But the question that will have to be asked, and that I believe will be answered by Dennis Lindsey in the next 13 months, is “where does Alec Burks fit with this team and within the plan?” Burks is not on his rookie contract anymore. He is not so young that the Jazz still have ample time and finances to wait for him to figure out his place in the league. But Burks is also not good enough to be considered among Hayward, Favors and Gobert’s tier of influence.
Much like his shooting guard counterpart, Rodney Hood, Burks has had an overall disappointing season accented with spurts of brilliant play. For 4 or 5 games in the beginning of November, Burks looked like a real difference maker for the Jazz either filling the box score with points or assists. His playmaking was at an all time high, and so was his impact on the team’s ability to win games.
But overall Alec Burks has been poor this season. Even with his very good three point shooting percentage and ability to draw free throws, his true shooting percentage is below 52%, better than only Chris Johnson, Raul Neto, Trevor Booker, Trey Lyles and Elijah Millsap on the team. His personal numbers aside, which have been fine in some areas, Burks impact on the Jazz winning games has been almost negligible. The Jazz are more than 2 points better per 48 minutes offensively with Burks on the bench as opposed to on the floor. The Jazz are 2.6 points better defensively with Burks on the bench as well.
Real Plus Minus, which tries to summarize a player’s individual impact on winning, regardless of the game situation or the teammates he is playing with, ranks Burks as 41st among 88 shooting guards to play this season. It’s not a perfect stat by any means, but gives a peek into Burks’ struggles to play efficient offense while struggling with defensive concepts as well. Even the biggest fans of Alec Burks’ game, have to admit that he is at best a subpar defensive presence.
Every Jazz fan has a different level of patience for Alec Burks’ development, but it’s hard to justify the performance of a player who plays 27 mpg and such a large role in the team’s overall ability to win. For Jazz fans and front office members who want the team to win, Burks deserves a long look of critique. But the only amount of patience for Burks’ development that matters, is the level that Dennis Lindsey and the Jazz organization have. There is no doubt that Burks has time to figure it out. And his contract is friendly enough that there is no pressure for the Jazz this trade deadline, or even this offseason, to move on from him as a player. But there should be doubt and trepidation that Burks will be worth all the pruning and fertilizing and waiting.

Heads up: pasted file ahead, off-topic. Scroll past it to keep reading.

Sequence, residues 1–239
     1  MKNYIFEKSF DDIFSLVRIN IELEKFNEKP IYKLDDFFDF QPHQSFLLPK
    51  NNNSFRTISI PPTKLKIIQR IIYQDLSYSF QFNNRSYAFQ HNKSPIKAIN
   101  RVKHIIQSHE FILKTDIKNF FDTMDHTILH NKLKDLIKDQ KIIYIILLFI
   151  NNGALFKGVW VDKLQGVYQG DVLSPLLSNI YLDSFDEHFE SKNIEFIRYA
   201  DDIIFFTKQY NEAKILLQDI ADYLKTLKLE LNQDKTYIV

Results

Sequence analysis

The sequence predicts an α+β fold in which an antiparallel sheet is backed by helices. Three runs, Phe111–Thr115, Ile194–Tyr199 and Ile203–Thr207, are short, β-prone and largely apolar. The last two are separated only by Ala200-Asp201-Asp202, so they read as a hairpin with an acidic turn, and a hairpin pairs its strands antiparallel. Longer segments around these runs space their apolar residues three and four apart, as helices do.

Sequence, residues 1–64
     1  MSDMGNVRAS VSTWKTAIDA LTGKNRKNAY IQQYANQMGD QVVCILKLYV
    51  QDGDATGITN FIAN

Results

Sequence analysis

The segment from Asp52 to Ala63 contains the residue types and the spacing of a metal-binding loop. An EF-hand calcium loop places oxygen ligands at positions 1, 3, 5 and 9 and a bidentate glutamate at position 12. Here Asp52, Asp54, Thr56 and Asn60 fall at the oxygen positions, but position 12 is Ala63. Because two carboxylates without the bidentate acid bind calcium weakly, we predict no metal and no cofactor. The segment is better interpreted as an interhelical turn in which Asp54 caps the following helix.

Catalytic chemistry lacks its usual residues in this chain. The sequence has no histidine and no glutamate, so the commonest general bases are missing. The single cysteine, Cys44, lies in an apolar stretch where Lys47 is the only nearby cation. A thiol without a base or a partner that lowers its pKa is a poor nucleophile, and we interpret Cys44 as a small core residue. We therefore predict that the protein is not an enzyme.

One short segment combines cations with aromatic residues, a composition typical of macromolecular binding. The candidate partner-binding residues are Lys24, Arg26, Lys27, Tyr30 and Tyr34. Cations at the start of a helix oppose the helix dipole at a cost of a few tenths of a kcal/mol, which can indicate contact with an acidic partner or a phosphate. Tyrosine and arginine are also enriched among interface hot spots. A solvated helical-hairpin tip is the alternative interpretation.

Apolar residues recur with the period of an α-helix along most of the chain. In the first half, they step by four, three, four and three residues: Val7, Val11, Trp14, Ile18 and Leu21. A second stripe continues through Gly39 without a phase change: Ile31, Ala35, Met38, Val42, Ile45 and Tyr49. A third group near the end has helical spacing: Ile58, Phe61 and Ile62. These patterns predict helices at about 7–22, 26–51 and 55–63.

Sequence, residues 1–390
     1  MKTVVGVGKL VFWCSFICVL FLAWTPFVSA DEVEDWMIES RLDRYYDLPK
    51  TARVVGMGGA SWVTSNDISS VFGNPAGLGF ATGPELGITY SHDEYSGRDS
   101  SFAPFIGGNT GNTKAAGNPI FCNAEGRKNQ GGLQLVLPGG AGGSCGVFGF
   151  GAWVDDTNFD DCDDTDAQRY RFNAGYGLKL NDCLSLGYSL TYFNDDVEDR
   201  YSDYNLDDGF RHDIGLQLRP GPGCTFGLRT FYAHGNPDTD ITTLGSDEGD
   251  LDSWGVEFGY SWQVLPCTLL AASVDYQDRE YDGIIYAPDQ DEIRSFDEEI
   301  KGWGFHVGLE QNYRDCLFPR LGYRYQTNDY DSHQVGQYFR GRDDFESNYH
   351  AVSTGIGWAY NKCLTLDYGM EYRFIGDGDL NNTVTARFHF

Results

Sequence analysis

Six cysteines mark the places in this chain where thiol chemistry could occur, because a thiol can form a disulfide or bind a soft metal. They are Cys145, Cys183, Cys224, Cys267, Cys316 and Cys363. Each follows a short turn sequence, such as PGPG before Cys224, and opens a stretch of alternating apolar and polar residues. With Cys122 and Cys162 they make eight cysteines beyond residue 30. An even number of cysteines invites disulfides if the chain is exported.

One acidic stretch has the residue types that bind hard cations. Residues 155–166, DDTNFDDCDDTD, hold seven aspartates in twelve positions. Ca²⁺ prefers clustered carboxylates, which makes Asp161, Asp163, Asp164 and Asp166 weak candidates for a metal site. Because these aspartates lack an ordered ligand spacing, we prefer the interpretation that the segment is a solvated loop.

The great irony in this story is that 5 seasons ago, similar things could be said about CJ Miles and the long-suffering patience of the Jazz organization then. And now the Pacers are reaping the rewards of all of the waiting and encouraging that the Jazz did. There are two ways to look at CJ Miles and his ability to help an NBA team win games now as opposed to a few seasons ago: either Burks will eventually grow and become a CJ Miles type player for the Jazz, or he will need to go somewhere else first to figure it out and the Jazz would be better off to reap off the hard work of another NBA team. This could be accomplished through free agency, or even by Dennis Lindsey’s admission, a trade depending how committed he is to his current apple orchard.
“With our young guys, look, if we start trending well, we don’t have to use the first pick that we have in the Golden State pick, and what looks like it’s gonna be an early second round pick to draft young players. In some level, we got enough players to develop. We can go get a veteran, and boom, let’s build our team from there.” January 11, 2014
To steal a phrase from Sam Hinkie, the Jazz need to go out and buy some apples to replace this unfruitful tree they have in the orchard. Trade deadline for this season is just 44 days away.